mountains. A representative in con
gress reflects the character of his
constituents. A community of pure
homes and wholesome surroundings
elects a representative of that sort.
The more pure homes and whole
some 4 communities, there are in
Yv i v--I,-, 'L 1 111
ftWPM FESTIVAL BIS SUCCESS I
l.':f M 'I'lS 't s pjJK" i'l PRESIDENT HAUSER GRATI-
H- tWtJi ' ?Or5rtj&V&&& Gratification was voiced yster-
JfJWHSV.' if N.VSg< ,hB RosR Pesttva.1 flKsnclation. for '-Hi
f WPiWtiX !- EiOlI the snlendld co-oneration riven tall?!
IWTJ'ICV A' - cl" Poland generally who I M
Last Week o SMITH'S Big Sale
of WALL PAPER and PAINTS
Buy your wall paper and paints this weekSave to
5c Per Roll
' Thousands of rolls of WaE Paper
worth 10c to, 15c. to be closed out
at 5c roll when sold with, border at
regular price of 3c to 5c yard.
10c Per Roll
Choice of 25 patterns in values to
25c a roll, includingVmany ceilings.
By what you want while they last
at 10c roll.
25c Per Bolt
30-inch ingrain and oatmeal pulp
papers in five, colors, to go at 25c
for a full bolt of 100 square feet.
Sold only with border at 5c yard.
A, j - -Mr., -.k
- v ; ,
inches wideband 15-yard
loBg bolts, covering 100 square
feet Soma charge 90c bolt.
Choice here at 39 full bolt.
All 10c ceilings at....... 9
A5 12c ceilings at 10
All 15c ceilings at. 11$
All 18c ceilings at.. ......140
All 20c ceilings at 15
All 25c ceilings at. 18
All 35c ceilings at. ...... .25
All 40c ceilings at ..30
Cut Out Borders
Pretty cut-out borders to
match any paper at 7 fa
10f and up to 250 a yard.
They complete the room.
The washable paper for kitch
en or bathroom in big variety
of colors and patterns. Very
special at 22K2 rolL
Choice of a big line of regular
50c and 65c tapestry patterns
to close out at, your choice
Dealers and Builders
During this big sale we will make you very
attractive prices on any paper in the store in
bundle lots. Our stock is all new and fresh.
Remember, no water has touched it. We are
selling it before the water comes.
Every Sale Cash Don't Ask for Credit
50 rolls of Heavy Wall Felt at, roll. . , $2.19
Best grade Kalsomine at, a pound. .9
S5c Ground Glue for sizing to go at, pound 25 &
That splendid Wear Well Paint in outside
white and all colors at, gallon . .$2.45
These pretty blends in six col
orings, worth 11.00. Some ask
more. Very special during this
big sale at 550 full bolt.
AT BIG REDUCTIONS
AU 75c papers to go at. . .500.
All 85c papers to go at. . ,650
AU $1.00 papers to go at. 750
All $1.25 papers to go at. 950
AU $1.50 papers now. .$1.15
AU $1.75 papers now. .$1.35
All $2.00 papers now.. $1.45
All $2,50 papers now. .$1.75
These include both 18 and 30
inch Imported and Domestic.
A wonderful opportunity to
redecorate that home.
This Big Sale Continues Through the Week Tell Your Friends U You Can't Come, Write
. . for Free Sample Book and Prices
Above (Left) MUs Alice Robertson, the lady from Oklahoma, watching
the Gymkana. Right Floral tributes from Portland. Below Con
gresswoman Roberts and Queen Harriet.
America, the more good members
there will be in congress."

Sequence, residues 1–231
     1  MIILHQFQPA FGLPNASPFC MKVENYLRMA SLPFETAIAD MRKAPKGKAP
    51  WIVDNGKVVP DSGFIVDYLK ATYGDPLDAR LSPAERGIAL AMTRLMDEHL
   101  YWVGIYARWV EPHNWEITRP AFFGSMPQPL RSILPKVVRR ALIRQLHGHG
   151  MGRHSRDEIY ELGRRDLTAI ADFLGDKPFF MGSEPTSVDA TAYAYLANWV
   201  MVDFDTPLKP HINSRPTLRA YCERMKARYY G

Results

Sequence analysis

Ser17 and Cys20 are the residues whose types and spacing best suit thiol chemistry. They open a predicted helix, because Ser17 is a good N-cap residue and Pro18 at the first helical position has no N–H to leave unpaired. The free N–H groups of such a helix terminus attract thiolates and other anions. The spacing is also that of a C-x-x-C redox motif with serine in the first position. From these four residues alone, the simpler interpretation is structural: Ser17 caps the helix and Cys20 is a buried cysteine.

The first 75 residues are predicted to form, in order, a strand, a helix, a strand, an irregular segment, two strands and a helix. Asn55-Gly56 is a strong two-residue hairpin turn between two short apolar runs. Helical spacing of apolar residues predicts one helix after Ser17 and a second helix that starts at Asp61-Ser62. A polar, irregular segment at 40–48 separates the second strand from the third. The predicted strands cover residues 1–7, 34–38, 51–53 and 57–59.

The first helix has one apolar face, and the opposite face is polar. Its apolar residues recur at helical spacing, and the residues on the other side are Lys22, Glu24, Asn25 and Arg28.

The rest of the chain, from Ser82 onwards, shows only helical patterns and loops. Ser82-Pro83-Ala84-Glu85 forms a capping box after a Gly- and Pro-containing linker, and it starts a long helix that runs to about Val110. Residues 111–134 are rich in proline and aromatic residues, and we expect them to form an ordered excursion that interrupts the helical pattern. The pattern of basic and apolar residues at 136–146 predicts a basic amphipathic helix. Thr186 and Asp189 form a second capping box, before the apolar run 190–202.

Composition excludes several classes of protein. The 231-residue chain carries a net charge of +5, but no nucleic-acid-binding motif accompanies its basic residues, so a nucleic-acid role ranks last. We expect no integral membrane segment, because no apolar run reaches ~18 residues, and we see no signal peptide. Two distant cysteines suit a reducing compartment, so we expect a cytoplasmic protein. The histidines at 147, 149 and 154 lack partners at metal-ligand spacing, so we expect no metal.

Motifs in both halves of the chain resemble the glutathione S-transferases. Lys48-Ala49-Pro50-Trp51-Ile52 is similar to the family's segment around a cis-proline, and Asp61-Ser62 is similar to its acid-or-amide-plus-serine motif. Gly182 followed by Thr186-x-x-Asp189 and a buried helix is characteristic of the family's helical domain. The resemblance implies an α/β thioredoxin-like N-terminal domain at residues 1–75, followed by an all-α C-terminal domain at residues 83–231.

And, in conclusion, the lady from
Oklahoma, rthe only woman mem
ber of congress, Is not puffed up,
nor does she ask concessions on ac
count of her sex one might almost
call her a regular fellow.
POLICE REPORT DISPUTED
Druggist Claims Honor of Cap
turing Alleged Drug User.
Police reports of the arrest of Ed
ward A. Thornton, Seattle narcotic
user, were not in accord with the
report received at the city hall yes
terday from Tom J. Meyers, one of
the proprietors of Myers Brothers
drug store at Grand avenue and
East Morrison streets.
According to thS police, two in
spectors saw Thornton fleeing down
the street and the inspectors jumped
from the car and made the arrest
On the contrary, according to
Myers, Thornton was chased for
more than a block on Grand avenue
by him, through a lane of police
men, and was captured when a
street car motorman gave aid in the
"Thornton came into the store and
asked for liniment to ease pain In
his foot," said Myers. "Later 1
found him behind the prescription
counter, and when I questioned him
he darted out of the store. I gave
chase down Grand avenue, and po
lice officials standing by for parade
duty seemed to pay no heed to my
calls for help. The addict was cap
tured through the aid of a street car
man and was turned over to the in
spectors several minutes after he
W. W. ELY BACK Oi l
HIPPODROME TO RESUME
OLD THEATER POLICY.
Mr, Morris, Who Took Place In
Absence, to Return to
William W. Ely has returned to
the Hippodrome bearing the news
that Ackerman & Harris, with their
resumption of the ownership of the
Hippodrome circuit, will restore the
former policies of the house.
Mr. Ely has been absent in Cal
ifornia for the past six weeks vis
iting San Francisco, Los Angeles,
Oaklan and other places In that
Eloper Held In Jail. '
HOOD RIVER, Or., June 24.
(Special.) The authorities have
dropped kidnaping charges against
r. J. Brugger, arrested in Portland
Thursday with Amber Whitbeck, 17-year-old
daughter of O. L. Whitbeck,
upper valley rancher, who disap
peared simultaneously with Brugger
two weeks ago. The man, aged 45,
moa feAld nn n ntn.tiirnrv char&rd. and
a preliminary trial will be held
Thursday unless ne is returnea to
Pbrtland, where he faces similar
charges. The girl stated that she
and Brugger posea as man and wife
at a Portland hotel.
. . . , . N
City Sues Sewer Builder.
Tk nitw nf Portland, "for the use
and benefit of the Denny-Renton
Clav & Coal company," yesterday
filed suit in circuit, court against
z r CoirlAl and th. TTniteA States
Fidelity & Guaranty company for
a judgment amounting to J3572.81,
plus $500 as attorney's fees. It was
alleged that the Denny-Renton com
pany furnished materials to Seydel
ha ii.dH In (.nniatriintinn of
East Twenty-fourth street and
Eillingsworth avenue sewer system.
and for which payment nas not Deen